could cure 75% of mice, including those with

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FoxP3 + Treg cells both in the TME and in draining lymph nodes [17]. This result suggests that the combined PD-1 and CTLA-4 checkpoint blockades could relieve the in-hibition of T cell function during the activation phase and effect phase. However, Checkmate 143 reported that PD-1 checkpoint blockade (nivolumab) in combination with CTLA-4 checkpoint blockade (ipilimumab) resulted in 40% of relapsed glioblastoma patients having intolerable treatment-related severe side effects. The toxic side effects limit the widespread use of nivolumab therapy in combin-ation with ipilimumab therapy. Thus, a phase I study (NCT03527251) aimed to evaluate the safety and efficacy of the CTLA-4 antibody followed by the PD-1 antibody in patients with recurrent or metastatic non-small cell lung cancer. The same treatment strategy is also worth explor-ing in GBM.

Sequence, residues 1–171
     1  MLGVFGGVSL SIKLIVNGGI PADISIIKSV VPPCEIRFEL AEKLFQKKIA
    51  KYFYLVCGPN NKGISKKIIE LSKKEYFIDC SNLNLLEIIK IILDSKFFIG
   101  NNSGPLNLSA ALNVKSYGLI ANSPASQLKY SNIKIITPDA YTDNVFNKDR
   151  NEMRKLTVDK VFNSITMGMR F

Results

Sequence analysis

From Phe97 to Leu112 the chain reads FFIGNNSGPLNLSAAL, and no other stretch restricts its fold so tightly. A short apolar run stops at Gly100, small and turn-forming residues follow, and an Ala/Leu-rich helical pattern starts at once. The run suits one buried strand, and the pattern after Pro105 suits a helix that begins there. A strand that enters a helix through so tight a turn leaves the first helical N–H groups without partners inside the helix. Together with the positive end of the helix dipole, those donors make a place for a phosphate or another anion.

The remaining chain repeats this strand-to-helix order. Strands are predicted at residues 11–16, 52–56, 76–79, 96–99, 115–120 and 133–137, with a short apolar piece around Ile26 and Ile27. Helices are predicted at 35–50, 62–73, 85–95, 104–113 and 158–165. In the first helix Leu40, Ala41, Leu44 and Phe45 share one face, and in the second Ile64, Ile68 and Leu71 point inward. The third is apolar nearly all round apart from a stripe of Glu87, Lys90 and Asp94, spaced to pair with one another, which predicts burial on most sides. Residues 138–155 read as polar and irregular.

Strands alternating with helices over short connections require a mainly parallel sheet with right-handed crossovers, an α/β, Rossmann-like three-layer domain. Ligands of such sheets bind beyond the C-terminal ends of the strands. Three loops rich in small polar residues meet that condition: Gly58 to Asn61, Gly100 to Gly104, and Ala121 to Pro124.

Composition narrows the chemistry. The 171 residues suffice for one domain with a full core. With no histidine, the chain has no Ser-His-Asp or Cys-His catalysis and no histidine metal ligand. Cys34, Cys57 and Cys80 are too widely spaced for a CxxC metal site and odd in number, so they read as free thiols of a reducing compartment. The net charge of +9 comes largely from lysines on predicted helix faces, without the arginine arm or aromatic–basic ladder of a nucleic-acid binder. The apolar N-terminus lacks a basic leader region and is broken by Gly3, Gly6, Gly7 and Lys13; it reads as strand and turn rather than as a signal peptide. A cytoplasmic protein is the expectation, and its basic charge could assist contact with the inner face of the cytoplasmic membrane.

TIM-3 (T cell immunoglobulin domain and mucin domain-3)

TIM-3 is an inhibitory receptor and a surface protein that is selectively expressed on CD4 + T-helper 1 and CD8+ T cytotoxic cells that causes T cell failure in tumour progression and chronic virus infection [58–60].

In immunocompetent mouse models, Reardon et al. [17]